The Uncomfortable Promise of Veganuary

VeganuaryA few years ago I took the pledge and did the Dryathlon in January. It seemed like a good idea unless you were a brewer or local café owner.

It wasn’t about faith or belief or ethics; it was just a way of giving up the grog for a while, allowing my body to flush out some of the toxins it had built up during the previous 12 months and my liver to begin its process of self-restoration. It helped me to start running again, losing a bit of weight in the process.

No arguments were involved; to be honest no one was remotely interested apart from myself.

That was then. Now, though, in 2018 the landscape appears to have changed.

It seems now that giving up the grog isn’t enough; you have to do Veganuary. This is actually the name of an organisation that promotes the benefits of going vegan; for the environment that you don’t threaten, for your body which you don’t harm for the animals that you don’t destroy. Three good reasons to do it.

If you go to the there is plenty of useful information about the merits of veganism, ie where do vegans get their protein? Answer: everywhere.

jamie-oliver-1001x640And it looks as though plenty of people are giving it a crack. According to around 150,000 people have signed up while tv chef Jamie Oliver (pictured left) has been tweeting vegan meals to his 7m followers.

On the face of it this is a very exciting time for vegans. Instead of being laughed into a corner they are moving into the mainstream. The Spread Eagle in Homerton has just ruined many vegans’ Dryathlon by opening up as the first totally vegan pub in London. And in the suburbs outside Paris, vegan products are appearing on the supermarket shelves. Sacre bleu, this is France, the land of frogs’ legs, pigs’ trotters and all manner of spleen and gizzards drenched in a thick, creamy sauce. The times, they are certainly a’changin’.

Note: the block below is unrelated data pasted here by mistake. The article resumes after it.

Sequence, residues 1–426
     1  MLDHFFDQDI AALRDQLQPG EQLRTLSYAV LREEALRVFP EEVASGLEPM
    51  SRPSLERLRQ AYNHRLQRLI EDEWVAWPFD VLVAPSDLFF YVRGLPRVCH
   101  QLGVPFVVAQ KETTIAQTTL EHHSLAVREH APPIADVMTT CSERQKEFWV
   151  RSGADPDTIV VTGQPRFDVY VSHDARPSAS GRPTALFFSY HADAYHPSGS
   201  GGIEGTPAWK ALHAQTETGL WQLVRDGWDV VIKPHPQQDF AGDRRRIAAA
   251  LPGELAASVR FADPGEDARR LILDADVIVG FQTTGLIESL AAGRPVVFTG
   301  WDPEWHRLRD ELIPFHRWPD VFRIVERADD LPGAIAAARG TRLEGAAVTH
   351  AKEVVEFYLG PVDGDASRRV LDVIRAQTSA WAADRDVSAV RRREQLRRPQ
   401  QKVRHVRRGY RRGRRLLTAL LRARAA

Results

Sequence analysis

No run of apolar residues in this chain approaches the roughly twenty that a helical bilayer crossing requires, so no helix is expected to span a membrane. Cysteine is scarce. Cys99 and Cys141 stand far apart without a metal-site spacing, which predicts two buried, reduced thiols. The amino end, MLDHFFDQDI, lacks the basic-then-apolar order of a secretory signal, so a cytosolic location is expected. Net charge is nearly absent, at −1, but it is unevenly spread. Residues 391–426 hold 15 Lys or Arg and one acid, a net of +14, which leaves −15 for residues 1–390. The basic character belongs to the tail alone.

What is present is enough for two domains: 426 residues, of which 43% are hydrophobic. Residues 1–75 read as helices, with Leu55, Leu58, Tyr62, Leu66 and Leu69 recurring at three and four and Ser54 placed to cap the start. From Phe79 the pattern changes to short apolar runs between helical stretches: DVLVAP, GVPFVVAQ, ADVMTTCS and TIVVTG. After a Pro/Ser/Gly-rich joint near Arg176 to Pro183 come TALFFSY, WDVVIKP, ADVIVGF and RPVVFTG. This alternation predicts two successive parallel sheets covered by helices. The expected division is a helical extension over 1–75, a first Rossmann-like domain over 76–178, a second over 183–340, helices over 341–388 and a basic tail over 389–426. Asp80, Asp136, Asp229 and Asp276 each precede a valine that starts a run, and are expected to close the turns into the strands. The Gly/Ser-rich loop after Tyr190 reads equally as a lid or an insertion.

But (and this is a “But” delivered with furrowed brow and uneasy hand on the keyboard) the hype around Veganuary makes me uncomfortable.


Well, when I did dry January I dreamt of February 1. I wasn’t giving up the booze to see if I could go tea-total, I was counting down the days until I could pull the ring on a tin of beer or uncork a half-decent bottle of red. It was a chore. A challenge. One that I knew was good for me but one which I resented.

My concern is that Veganuary will have the same effect on all the well-intentioned people who give it a go. Resentment.

They will grit their teeth to get through the month and then celebrate the end of the month by tucking into the biggest steak they can find. My rather unpleasant cynical self says they will then proceed to bore people over the years to come with the line: ”I went vegan for a month and their food is appalling”. Or words to that effect. Temporary convert equals lifelong expert.

Of course, I shouldn’t reduce everyone else to my low level. I am sure there are plenty of people out there for whom this will be the first step in the journey and I applaud them.

I just wonder, though, whether it could do more damage than good.